Many patients with Parkinson's also suffer from atherosclerosis, and there is some thought that this problem contributes to degeneration of the neurons, perhaps as a result of insufficient blood flow or related to inflammatory processes that contribute to atherosclerosis and to neuron degeneration. In a study of patients with atherosclerosis and Parkinsonism, 60 cases were treated with the same herb formula described above, by the same research group (3). In this case, there were 42 male and 18 female patients, aged 61-78 years (mean 67 years). In this group, it was reported that 7 of the patients were markedly improved, and 24 were improved, 15 were slightly improved, while the remaining 14 failed to respond to treatment.

In another study of Chinese herbal medicine (1), 700 cases of treatments of Parkinson's patients at a hospital were reviewed; 50 of them, involving prolonged therapy, were analyzed. The case reports were concerning 32 men and 18 women, with age ranging from 35 to 75 years. The patients were divided into three categories by the traditional method of differentiation and were treated with herbs accordingly. Because these were case studies, rather than a specific prescription, commonly used herbs were mentioned.

  • For yin deficiency of kidney and liver, the main herbs were: rehmannia (raw and cooked), ho-shou-wu, cornus, tortoise shell, scrophularia.

  • For qi stagnation and blood stasis type, the main herbs were: salvia, red peony, carthamus, persica, cnidium, achyranthes, tang-kuei, eupolyphaga, and pangolin scale.

  • For deficiency of qi and blood, the main herbs were: ginseng, astragalus, atractylodes, tang-kuei, rehmannia, licorice, peony, salvia, schizandra, and ligustrum.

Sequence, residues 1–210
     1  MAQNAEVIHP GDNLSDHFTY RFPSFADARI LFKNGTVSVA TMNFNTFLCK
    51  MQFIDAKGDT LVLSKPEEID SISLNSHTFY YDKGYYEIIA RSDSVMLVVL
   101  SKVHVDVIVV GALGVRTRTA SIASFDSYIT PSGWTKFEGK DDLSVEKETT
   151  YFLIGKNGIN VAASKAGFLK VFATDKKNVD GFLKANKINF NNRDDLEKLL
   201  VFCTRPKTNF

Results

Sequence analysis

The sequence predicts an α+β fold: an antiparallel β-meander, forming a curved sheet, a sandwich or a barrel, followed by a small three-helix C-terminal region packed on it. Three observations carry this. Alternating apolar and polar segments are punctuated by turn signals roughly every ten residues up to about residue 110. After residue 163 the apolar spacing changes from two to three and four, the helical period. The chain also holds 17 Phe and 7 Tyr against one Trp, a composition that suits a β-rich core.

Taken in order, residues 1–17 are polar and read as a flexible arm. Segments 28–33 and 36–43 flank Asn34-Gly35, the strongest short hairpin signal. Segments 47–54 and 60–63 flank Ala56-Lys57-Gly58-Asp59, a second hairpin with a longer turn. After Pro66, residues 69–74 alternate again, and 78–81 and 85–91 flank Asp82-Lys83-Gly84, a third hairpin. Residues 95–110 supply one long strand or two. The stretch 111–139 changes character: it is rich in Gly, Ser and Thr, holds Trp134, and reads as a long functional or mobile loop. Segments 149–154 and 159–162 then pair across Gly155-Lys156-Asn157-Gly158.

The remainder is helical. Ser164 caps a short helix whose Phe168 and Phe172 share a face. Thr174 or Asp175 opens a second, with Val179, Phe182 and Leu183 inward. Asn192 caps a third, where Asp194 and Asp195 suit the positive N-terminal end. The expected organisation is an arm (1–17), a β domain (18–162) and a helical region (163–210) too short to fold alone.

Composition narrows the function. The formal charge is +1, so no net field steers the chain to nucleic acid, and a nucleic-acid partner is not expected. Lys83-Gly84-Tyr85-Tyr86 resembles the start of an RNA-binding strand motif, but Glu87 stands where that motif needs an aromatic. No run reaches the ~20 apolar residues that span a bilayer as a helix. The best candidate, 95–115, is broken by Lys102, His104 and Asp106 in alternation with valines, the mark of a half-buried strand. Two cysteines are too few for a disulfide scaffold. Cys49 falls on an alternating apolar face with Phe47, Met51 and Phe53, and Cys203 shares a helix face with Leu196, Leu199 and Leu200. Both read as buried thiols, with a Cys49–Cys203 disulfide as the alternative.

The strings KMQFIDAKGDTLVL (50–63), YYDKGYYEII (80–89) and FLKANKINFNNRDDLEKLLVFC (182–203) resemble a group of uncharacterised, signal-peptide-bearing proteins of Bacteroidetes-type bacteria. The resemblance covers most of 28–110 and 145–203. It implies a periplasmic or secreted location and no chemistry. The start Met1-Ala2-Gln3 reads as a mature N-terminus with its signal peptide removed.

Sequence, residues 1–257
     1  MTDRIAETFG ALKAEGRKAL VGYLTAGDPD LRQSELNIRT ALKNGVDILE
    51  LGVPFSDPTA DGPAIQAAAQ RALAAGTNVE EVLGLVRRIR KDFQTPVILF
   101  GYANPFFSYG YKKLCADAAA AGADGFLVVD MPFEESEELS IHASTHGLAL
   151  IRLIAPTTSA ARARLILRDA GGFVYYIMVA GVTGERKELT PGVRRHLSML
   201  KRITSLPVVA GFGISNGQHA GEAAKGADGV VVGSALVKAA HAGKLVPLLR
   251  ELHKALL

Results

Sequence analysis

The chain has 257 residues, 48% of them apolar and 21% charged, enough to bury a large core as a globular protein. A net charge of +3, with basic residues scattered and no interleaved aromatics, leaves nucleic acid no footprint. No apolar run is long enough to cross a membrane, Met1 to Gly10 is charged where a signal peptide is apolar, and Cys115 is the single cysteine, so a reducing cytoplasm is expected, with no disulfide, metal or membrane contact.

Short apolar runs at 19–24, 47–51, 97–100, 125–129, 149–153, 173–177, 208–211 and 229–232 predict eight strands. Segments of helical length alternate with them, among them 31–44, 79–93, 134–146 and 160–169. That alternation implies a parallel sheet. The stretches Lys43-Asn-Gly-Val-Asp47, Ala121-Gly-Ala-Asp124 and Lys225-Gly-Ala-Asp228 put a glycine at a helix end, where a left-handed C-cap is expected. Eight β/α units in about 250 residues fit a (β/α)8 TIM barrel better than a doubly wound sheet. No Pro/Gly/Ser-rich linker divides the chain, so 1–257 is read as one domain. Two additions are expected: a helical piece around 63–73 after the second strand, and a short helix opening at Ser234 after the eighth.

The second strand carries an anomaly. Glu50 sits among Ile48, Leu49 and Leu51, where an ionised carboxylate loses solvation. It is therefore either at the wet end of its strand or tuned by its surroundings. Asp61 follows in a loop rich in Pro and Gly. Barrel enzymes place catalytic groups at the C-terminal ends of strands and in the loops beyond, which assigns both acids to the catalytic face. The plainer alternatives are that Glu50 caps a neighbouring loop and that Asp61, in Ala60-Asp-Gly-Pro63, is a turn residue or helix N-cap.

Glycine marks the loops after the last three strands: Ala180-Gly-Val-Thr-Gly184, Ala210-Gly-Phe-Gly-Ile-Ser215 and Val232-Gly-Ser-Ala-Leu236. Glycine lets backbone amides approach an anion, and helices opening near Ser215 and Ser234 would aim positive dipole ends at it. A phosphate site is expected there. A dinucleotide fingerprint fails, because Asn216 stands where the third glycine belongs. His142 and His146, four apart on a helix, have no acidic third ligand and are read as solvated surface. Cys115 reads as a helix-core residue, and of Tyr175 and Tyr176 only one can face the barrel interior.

The formulas would be modified according to specific symptoms, for example, to address continuous trembling, use antelope horn, uncaria, and gastrodia; additional wind-sedating substances might also be used.

The herbs were prepared in the form of decoction, which was given in two doses per day. Most of the patients took the decoctions daily for three months. Many of the patients were taking standard Western medicines at the start of the treatment and, according to the authors, several were able to reduce their dosage or discontinue these medicines during or after treatment with the decoctions. The authors reported that of the 50 patients analyzed, the treatment was markedly effective in 15 cases, and somewhat effective in 24 cases, the remainder (11 cases) did not respond to therapy significantly.


Acupuncture Therapy

In a study (4) of acupuncture therapy administered to 29 patients with Parkinson's, the patients were treated every other day for three months. Western drugs (mainly l-dopa, dopaminiergic receptor stimulants, and anticholinergics) were used as per usual practice; a control group taking Western drugs alone (24 patients) was also monitored.